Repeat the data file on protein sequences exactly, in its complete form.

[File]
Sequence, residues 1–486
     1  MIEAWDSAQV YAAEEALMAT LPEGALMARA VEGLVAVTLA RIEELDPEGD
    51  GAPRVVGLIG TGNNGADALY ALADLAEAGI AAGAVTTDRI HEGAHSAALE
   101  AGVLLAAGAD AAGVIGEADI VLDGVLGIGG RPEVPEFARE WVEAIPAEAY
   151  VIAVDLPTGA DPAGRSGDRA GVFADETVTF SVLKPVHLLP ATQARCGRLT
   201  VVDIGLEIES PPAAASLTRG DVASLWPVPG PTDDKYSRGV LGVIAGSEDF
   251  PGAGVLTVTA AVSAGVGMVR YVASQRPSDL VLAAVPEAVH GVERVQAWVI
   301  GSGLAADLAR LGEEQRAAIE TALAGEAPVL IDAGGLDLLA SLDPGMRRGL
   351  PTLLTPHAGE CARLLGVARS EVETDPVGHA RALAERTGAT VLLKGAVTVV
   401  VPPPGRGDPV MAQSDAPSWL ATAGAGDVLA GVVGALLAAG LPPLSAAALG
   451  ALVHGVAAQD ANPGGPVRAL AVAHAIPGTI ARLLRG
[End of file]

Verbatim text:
Sequence, residues 1–486
     1  MIEAWDSAQV YAAEEALMAT LPEGALMARA VEGLVAVTLA RIEELDPEGD
    51  GAPRVVGLIG TGNNGADALY ALADLAEAGI AAGAVTTDRI HEGAHSAALE
   101  AGVLLAAGAD AAGVIGEADI VLDGVLGIGG RPEVPEFARE WVEAIPAEAY
   151  VIAVDLPTGA DPAGRSGDRA GVFADETVTF SVLKPVHLLP ATQARCGRLT
   201  VVDIGLEIES PPAAASLTRG DVASLWPVPG PTDDKYSRGV LGVIAGSEDF
   251  PGAGVLTVTA AVSAGVGMVR YVASQRPSDL VLAAVPEAVH GVERVQAWVI
   301  GSGLAADLAR LGEEQRAAIE TALAGEAPVL IDAGGLDLLA SLDPGMRRGL
   351  PTLLTPHAGE CARLLGVARS EVETDPVGHA RALAERTGAT VLLKGAVTVV
   401  VPPPGRGDPV MAQSDAPSWL ATAGAGDVLA GVVGALLAAG LPPLSAAALG
   451  ALVHGVAAQD ANPGGPVRAL AVAHAIPGTI ARLLRG